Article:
film High-Rise

Some Movies to See This Weekend, May 13, 2016

Friday, May 13, 2016 Rob Samuelson

Hollywood is putting up something of a fight against the Marvel machine this weekend, with some new releases. Of course they’re not throwing the full weight of the machine against the unstoppable Captain America: Civil War, instead choosing to release a couple counter-programming options and a limited release that has been driving people wild since the film festival circuit last fall. Let’s see what awaits us at the movies this weekend.



The Darkness
Director: Greg McLean
Writers: Shayne Armstrong, Shane Krause, Greg McLean
Starring: Jennifer Morrison, Kevin Bacon, Lucy Fry, Radha Mitchell, David Mazouz



A set of siblings go hiking in former American Indian territory and the youngest brother finds some old stones with indecipherable markings all over them. Turns out the Indian spirits are angry at these kids because all movie Indians have to be vengeful spirits. Parents Kevin Bacon and Radha Mitchell then must deal with their youngest son (David Mazouz) slowly devolving into a possessed demon person who drools black goop from his mouth and barks at people for trying to move their breakfast plate. For those gorehounds out there, you may be inclined to catch this one if you’re not into the superhero thing. There’s plenty of room for optimism because of The Darkness’s production company, Blumhouse, which also made the Paranormal Activity and The Purge movies. If you have a certain moviegoing sensibility, that’s an exciting thing.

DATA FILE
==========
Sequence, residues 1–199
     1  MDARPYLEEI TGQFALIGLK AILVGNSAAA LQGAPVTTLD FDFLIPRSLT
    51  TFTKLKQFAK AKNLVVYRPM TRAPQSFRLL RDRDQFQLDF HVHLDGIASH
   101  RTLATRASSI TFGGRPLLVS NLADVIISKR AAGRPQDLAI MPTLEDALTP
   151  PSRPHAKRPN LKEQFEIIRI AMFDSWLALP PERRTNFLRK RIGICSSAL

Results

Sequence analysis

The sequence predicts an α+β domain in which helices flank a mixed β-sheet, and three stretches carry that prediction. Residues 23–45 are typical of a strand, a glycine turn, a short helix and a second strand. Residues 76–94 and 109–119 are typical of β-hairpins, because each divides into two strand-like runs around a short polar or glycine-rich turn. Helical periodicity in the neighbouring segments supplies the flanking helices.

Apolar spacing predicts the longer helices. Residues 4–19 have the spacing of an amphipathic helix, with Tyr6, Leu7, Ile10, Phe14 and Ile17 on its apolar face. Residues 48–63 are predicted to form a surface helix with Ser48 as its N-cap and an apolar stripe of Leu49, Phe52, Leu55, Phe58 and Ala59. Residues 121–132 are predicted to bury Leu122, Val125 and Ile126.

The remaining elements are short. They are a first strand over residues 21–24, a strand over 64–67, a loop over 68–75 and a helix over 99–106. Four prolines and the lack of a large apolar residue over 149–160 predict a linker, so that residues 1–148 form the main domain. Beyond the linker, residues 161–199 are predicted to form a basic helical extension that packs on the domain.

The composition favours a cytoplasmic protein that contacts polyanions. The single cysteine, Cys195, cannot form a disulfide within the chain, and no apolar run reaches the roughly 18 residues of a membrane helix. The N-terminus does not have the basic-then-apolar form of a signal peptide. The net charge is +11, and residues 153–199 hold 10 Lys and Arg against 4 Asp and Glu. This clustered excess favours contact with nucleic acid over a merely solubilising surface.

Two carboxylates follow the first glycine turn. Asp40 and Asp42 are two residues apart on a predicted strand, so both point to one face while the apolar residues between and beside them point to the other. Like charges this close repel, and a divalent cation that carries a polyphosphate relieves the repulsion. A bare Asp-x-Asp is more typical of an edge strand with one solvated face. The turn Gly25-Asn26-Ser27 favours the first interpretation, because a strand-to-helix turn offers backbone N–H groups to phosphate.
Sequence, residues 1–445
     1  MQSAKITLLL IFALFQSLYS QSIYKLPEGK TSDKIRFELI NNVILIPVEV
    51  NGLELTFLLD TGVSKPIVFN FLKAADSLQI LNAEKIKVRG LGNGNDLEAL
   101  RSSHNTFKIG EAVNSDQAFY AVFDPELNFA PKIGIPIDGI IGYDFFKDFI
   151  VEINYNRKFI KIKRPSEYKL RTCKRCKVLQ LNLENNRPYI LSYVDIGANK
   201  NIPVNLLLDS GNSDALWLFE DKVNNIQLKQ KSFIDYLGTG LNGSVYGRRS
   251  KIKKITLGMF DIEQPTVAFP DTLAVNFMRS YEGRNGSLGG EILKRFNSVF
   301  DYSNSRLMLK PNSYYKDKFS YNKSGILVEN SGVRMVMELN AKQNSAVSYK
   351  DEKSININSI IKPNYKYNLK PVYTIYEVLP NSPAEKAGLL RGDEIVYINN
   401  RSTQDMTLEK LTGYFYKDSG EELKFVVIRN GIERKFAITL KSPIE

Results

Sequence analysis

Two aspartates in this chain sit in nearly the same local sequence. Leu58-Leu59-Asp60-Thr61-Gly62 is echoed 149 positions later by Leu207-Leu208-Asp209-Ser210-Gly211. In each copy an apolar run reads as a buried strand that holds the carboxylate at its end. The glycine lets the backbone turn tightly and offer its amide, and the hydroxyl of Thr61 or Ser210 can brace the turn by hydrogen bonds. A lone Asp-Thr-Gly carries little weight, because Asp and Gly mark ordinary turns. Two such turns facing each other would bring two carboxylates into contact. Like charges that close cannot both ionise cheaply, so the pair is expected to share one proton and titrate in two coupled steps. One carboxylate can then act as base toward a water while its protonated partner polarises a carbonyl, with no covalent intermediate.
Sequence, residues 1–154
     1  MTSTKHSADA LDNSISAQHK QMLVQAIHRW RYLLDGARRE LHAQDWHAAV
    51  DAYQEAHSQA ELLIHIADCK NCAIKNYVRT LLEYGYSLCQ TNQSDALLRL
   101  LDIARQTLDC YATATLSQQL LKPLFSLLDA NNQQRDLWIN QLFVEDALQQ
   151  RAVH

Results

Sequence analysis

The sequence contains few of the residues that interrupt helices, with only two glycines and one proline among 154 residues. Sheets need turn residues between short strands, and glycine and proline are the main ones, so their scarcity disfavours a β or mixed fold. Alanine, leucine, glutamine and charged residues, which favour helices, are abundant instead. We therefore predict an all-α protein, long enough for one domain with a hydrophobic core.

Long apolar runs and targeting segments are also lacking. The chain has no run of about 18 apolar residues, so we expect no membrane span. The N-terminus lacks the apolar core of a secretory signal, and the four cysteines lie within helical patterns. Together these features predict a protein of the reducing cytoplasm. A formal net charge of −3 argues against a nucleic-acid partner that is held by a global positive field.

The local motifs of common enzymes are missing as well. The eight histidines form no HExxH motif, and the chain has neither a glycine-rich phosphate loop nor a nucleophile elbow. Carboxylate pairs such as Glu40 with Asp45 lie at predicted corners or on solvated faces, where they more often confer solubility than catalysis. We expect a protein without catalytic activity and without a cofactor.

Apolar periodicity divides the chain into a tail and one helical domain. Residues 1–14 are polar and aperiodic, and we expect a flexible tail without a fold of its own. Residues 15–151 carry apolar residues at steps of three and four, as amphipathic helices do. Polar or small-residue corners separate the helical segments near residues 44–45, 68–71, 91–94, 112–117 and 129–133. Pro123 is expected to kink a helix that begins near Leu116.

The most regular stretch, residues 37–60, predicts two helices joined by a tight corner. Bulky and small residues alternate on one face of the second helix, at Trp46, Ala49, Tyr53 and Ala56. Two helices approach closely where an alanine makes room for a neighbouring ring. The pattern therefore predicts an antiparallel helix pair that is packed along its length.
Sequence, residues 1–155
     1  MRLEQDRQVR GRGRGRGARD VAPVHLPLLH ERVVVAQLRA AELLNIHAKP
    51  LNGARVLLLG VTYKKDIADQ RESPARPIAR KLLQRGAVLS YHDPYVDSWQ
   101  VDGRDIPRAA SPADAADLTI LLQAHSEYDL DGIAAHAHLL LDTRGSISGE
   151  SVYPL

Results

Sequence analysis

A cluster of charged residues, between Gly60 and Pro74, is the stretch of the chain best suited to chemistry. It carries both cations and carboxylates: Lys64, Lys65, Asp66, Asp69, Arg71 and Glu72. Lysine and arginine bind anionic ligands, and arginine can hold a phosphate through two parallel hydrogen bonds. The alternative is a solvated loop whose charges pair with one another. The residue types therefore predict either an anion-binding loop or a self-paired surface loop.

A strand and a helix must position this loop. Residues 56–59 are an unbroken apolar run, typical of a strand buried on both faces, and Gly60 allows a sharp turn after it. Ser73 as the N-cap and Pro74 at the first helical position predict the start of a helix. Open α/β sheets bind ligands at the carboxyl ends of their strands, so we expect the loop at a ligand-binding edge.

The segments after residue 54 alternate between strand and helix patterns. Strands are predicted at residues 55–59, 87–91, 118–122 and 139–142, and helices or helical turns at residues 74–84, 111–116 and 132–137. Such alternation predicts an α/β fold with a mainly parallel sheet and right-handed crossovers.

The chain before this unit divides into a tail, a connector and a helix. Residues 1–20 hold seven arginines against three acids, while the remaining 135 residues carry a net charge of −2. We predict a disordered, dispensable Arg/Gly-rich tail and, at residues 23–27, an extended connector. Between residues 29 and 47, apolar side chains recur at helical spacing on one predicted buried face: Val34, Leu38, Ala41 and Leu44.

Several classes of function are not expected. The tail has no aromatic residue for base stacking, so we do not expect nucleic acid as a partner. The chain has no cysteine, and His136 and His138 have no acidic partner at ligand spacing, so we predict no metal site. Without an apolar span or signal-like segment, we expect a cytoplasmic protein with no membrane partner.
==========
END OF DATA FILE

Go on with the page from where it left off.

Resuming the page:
Money Monster
Director: Jodie Foster
Writers: Jamie Linden, Alan DiFiore, Jim Kouf
Starring: George Clooney, Julia Roberts, Jack O’Connell, Dominic West



A pair of megastars, George Clooney and Julia Roberts, reteam for a message movie about media manipulation and money, hence the title. Clooney plays a Jim Cramer-style TV host who is not held accountable for his (often false) stock predictions that ruin the portfolios and livelihoods of people. Roberts plays his producer and Jack O’Connell is a desperate man who takes the entire studio hostage during a live broadcast.

Jodie Foster has become a fascinating filmmaker to go along with her prodigious acting talents, but this one has not been getting great buzz. Everything I’ve heard about it revolves around the idea that it’s overly preachy about its subject, but sometimes preachiness can be a blunt and effective tool in the film toolbelt. If nothing else, it’s a movie aimed at an age group a little older than we’re used to with a summer release.

High-Rise
Director: Ben Wheatley
Writer: Amy Jump
Starring: Tom Hiddleston, Jeremy Irons, Sienna Miller, Luke Evans, Elisabeth Moss



The big release for me personally is High-Rise, a movie I’ve been hearing great things about for the better part of a year. It’s a stylish allegory about class and power, done with copious amounts of violence and some truly out-of-left-field imagery, if the trailers are to be believed. Tom Hiddleston plays a man from the near future who moves into a massive apartment complex that is structured exactly how you’d think it would be for a class-based parable: the rich live up on top and they keep the desperate masses confined the lower floors to serve them. In this future, these communities are enclosed and self-sufficient, meaning nobody ever really leaves once they enter the high-rise. The societies of these massive buildings break down in ugly, perhaps revolutionary ways. Plus there’s a Portishead cover of ABBA’s “SOS” that everyone who has seen the movie raves about. This has been available to rent on-demand for a couple weeks, but like many people I’ve waited to see it on a big screen with a crowd because of the word of mouth.

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